Men working in occupations featuring low demands and low control over their own work situation are at elevated risk for suicide attempts and suicide. In jobs with high demands and high control, the risk is lower. This is shown in a study from the University of Gothenburg.
Men generally find it harder than women to seek help for mental ill-health, and suicide at working age is significantly more common in men. However, knowledge of how suicidal behavior is affected by workplace psychosocial factors is deficient. The purpose of the present register study was to investigate these associations in working males.
The study’s first author is Associate Professor Maria Åberg of Sahlgrenska Academy, University of Gothenburg, a physician specialized in general medicine in Region Västra Götaland’s primary health care organization.
“It’s a terrible family tragedy when someone in mid-life takes their life. It’s also a trauma for co-workers and the whole workplace, and one that has repercussions for many years,” Åberg says.
Higher risk in passive occupations
The study comprises data on 1,483,310 men born between 1950 and 1984 who were conscripted for military service in Sweden in 1968–2002. The data were combined with occupational statistics and data from the National Patient Register and Cause of Death Register.
During the follow-up period (2002–2014), 2,335 suicides, corresponding to a rate of 0.2%, occurred in the group of men aged 30–64. In the same period, suicide attempts numbered 7,334, or 0.5%.
Suicidal behavior was more common among men in “passive occupations,” with low demands and low control, based on available occupational classifications. In this group, 7.8 suicide attempts and suicides per 10,000 people took place annually. Among those in “active” jobs—those with high demands and high control—the corresponding number was 3.0.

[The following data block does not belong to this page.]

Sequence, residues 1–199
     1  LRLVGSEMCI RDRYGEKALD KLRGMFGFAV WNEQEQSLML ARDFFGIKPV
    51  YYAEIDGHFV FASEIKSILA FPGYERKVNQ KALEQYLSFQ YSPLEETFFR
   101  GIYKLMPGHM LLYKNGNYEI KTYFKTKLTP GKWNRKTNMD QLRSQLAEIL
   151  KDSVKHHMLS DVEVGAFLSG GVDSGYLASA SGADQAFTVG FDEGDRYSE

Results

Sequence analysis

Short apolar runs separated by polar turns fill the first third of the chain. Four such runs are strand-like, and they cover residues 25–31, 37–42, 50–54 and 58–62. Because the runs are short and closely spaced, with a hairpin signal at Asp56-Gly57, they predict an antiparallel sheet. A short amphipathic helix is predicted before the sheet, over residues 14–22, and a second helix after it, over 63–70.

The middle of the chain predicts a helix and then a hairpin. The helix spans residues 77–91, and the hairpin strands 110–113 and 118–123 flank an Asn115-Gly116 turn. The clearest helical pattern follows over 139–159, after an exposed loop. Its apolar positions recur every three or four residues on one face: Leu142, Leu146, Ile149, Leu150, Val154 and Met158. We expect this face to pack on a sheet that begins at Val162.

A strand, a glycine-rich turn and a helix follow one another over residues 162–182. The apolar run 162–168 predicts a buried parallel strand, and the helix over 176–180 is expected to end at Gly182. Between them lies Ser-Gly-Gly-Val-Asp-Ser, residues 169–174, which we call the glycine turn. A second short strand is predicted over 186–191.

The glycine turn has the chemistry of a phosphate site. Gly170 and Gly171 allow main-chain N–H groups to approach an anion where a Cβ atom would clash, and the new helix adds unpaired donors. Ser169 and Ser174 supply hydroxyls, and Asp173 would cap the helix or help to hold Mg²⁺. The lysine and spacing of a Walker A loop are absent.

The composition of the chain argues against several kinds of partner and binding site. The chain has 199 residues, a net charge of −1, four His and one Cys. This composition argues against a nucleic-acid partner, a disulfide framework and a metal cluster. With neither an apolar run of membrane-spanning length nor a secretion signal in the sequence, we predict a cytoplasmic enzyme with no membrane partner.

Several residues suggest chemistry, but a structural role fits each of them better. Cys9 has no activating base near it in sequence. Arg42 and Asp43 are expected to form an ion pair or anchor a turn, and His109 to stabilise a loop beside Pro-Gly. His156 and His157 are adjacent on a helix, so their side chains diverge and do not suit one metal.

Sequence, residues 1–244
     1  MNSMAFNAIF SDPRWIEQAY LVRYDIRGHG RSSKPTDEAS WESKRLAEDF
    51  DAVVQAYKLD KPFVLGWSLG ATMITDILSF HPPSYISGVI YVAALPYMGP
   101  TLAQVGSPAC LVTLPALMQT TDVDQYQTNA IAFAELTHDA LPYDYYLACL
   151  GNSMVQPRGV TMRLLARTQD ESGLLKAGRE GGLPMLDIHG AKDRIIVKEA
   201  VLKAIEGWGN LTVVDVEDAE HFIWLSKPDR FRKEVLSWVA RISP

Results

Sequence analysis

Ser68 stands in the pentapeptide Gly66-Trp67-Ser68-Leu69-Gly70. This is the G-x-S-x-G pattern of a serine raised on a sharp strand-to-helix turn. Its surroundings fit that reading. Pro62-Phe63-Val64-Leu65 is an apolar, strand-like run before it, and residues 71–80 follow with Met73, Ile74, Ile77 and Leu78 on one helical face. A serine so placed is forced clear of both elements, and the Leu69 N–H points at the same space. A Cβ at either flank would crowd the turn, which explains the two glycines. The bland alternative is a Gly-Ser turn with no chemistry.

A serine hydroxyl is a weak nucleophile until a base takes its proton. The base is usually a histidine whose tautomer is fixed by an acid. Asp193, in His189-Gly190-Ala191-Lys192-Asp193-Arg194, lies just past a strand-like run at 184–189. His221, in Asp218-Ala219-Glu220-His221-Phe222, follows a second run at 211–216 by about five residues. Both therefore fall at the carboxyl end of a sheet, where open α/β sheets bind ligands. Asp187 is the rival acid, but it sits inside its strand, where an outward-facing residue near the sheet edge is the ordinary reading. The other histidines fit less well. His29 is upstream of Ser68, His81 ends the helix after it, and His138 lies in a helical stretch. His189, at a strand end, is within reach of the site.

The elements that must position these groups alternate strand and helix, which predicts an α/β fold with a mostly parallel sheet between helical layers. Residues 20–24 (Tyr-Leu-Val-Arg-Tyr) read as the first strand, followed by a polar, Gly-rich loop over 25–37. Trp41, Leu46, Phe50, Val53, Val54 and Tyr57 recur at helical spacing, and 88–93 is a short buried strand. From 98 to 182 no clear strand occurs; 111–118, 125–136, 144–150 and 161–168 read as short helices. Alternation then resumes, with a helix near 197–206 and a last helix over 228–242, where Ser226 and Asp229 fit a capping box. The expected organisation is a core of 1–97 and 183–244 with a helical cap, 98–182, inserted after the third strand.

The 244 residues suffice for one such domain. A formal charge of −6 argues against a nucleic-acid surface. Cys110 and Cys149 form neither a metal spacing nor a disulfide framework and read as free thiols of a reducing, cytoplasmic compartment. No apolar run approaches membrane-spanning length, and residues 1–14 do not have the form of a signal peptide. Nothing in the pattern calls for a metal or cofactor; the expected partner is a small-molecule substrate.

Following adjustment for adolescent psychological factors, such as parents’ education, and also IQ and stress resilience, it became clear that the risk for suicidal behavior was 33% higher among working-age men in passive occupations than men in jobs with low demands but high control, who constituted the study’s reference group. Men in the latter (“active”) occupations had a 36% lower risk compared with the reference group.
Participation at work important
People in work situations with high demands but low control, too, were at elevated risk for suicide, albeit not such a high risk as for those in passive occupations. This elevated risk was not explained by a history of psychiatric ill-health during adolescence. In contrast, men whose stress resilience had been low in adolescence more often had passive occupations, and highly stress-resilient men had active jobs, later in life.
A common cause of suicidal behavior (fatal and nonfatal) is depression. Åberg describes suicidal behavior as a complex phenomenon, not always but often involving a process of mental ill-health with many contributing factors.
“We can have a vulnerability from childhood that may also be genetic, and may be linked to excessive alcohol consumption, for instance. And then our job demand–control exposure could be a tipping point,” Åberg says.
“Engaging leadership at the workplace is vital, as is a sense of participation in deciding how we do our work, to boost the feeling of job control.”
The study was published in the Scandinavian Journal of Work, Environment & Health.
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